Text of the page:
Sometimes, our attention steers us towards things that cause us prolonged psychological stress. Our minds are exquisite wanderers. In fact, research from Harvard has found that our minds wander about 50% of our waking time. Of course they wander into happy places, but they also wander into the future (where they worry), past (regrets), or to reliving emotional memories that breathe life into negative emotion. All of these are potentially sources of great psychological stress.

The Harvard research also found that 4.6% of a person’s happiness was attributable to the activity they were doing, and 10.8% was attributable to their mind-wandering. The researchers found that mind-wandering was generally the cause of unhappiness, not the consequence of it.

‘Mind-wandering is an excellent predictor of people’s happiness. In fact, how often our minds leave the present and where they tend to go is a better predictor of our happiness than the activities in which we are engaged.’ A. Killingsworth, Harvard.

Our minds are powerful, for better and worse. MBIs put us in charge of the machine. There is nothing wrong with letting our minds wander – minds love it. There is also nothing wrong with letting our minds wander to places that stir stress or negative emotion, provided that we are able to pull ourselves back from that when we need to. Too often though, our mind-wandering becomes automatic, and without any deliberate intent. This is when the trouble happens.

When our minds switch to auto-pilot and start wandering, it can be easy for them to end up somewhere that amplifies negative thoughts and feelings and breathes fire into stress. Our thoughts become worries and they grow. Our memories become reworked or replayed, and rather than reflecting or learning, we become stuck and overwhelmed. This is when stress can become chronic, and we know what happens then … the sympathetic nervous system stays on, the production of NF-kB increases, cytokines are produced and ‘hello’ cellular inflammation.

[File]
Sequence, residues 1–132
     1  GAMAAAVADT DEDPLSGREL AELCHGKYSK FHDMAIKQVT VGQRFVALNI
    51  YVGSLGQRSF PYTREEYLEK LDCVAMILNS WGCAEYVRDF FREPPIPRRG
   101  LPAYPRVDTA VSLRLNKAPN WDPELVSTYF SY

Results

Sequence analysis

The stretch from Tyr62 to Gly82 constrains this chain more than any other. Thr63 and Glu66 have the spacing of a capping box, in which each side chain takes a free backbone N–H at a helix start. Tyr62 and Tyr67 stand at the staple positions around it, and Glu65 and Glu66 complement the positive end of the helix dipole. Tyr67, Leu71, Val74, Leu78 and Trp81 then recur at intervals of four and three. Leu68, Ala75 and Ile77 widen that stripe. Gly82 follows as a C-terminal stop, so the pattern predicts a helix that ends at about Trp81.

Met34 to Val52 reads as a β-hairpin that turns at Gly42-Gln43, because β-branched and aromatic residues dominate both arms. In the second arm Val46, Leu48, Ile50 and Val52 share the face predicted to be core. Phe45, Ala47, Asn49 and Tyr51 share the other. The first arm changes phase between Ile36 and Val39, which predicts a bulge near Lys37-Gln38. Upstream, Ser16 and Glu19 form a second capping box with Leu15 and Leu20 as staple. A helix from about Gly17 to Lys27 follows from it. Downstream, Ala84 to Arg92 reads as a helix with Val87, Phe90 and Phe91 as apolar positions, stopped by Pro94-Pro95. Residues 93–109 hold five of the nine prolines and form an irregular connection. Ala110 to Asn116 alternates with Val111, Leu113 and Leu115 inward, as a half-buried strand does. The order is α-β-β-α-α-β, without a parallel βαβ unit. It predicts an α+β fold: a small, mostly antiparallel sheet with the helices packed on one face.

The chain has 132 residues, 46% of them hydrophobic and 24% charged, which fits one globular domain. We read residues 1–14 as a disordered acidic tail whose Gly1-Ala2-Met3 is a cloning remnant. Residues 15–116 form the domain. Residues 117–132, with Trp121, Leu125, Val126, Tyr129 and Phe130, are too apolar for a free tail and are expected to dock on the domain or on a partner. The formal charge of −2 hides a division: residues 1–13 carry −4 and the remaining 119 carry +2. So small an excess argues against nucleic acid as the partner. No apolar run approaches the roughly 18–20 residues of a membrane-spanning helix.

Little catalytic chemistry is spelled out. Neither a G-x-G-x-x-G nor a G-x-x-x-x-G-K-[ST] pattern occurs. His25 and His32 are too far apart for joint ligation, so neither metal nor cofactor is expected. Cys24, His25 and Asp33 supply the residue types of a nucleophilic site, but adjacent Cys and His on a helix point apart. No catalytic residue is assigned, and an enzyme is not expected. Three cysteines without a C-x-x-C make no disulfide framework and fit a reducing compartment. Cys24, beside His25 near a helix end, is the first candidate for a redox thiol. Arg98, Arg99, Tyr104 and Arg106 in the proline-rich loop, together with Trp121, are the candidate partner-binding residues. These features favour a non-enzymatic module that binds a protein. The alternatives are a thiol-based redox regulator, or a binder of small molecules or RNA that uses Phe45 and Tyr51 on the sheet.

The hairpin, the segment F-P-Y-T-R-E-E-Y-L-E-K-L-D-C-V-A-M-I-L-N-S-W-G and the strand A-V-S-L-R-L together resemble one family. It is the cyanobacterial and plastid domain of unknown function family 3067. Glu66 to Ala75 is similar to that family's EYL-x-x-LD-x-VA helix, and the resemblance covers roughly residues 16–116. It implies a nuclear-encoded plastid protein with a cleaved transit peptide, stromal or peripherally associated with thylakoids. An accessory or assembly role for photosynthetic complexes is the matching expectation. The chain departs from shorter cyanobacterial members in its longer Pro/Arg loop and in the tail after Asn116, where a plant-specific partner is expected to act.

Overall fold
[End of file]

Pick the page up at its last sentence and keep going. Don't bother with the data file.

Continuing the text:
MBIs have great capacity to boost our mental and physical health, and to cause changes in our DNA that reverse the effects of chronic stress. MBIs can build our capacity to become aware of our thoughts, feelings and sensations, without letting them become a source of distress. They can also strengthen our capacity to reverse from the stress response once it’s initiated. However MBIs work, it’s clear that mind-body interventions are a powerful way to protect ourselves from the damaging effects of psychological stress, and to potentially reverse the effects once they’ve taken hold.

16 Comments

Rob

Hi Karen. I would like to pursue MBI’s. I don’t know where to start though. I suffer from depression and ruminate. I’ve tried what could be described as MBI as suggested by my doctors but I can’t clear my mind. It’s always going at a million miles and hour. I must always be doing something. I’m in Australia. Do you have any suggestions on where I might be able to get help to clear my mind as I assume you do when meditating? Based on this article I may be able to benefit from giving my mind a rest. Thanks, Rob

Reply
Karen Young

Rob I think a great place to start might be with an app. The Smiling Mind app is free to download and has guided meditations. I like it because of the research that continues to go into it. Having a guided meditation can make things easier because you have something to focus on. Another way to get started is with breath counting. As you breathe in and out slowly, count your breaths. So in (count 1), out (count 1), in (count 2), out (count 2) etc. This can help to still your mind because of the focus on your breath. Meditation can take a little while to get used to, so it doesn’t matter if your mind tends to be a little reluctant to be still. Remember mindfulness emphasises kindness and compassion to yourself, so if your mind wanders, gently bring it back without feeling as though you haven’t done ‘properly’. The brain is like any muscle – it will strengthen with training.

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Jean Tracy, MSS

Loved your explanations, Karen, especially about the positive or negative effects of mind-wandering.

I will share this article with my social media sites.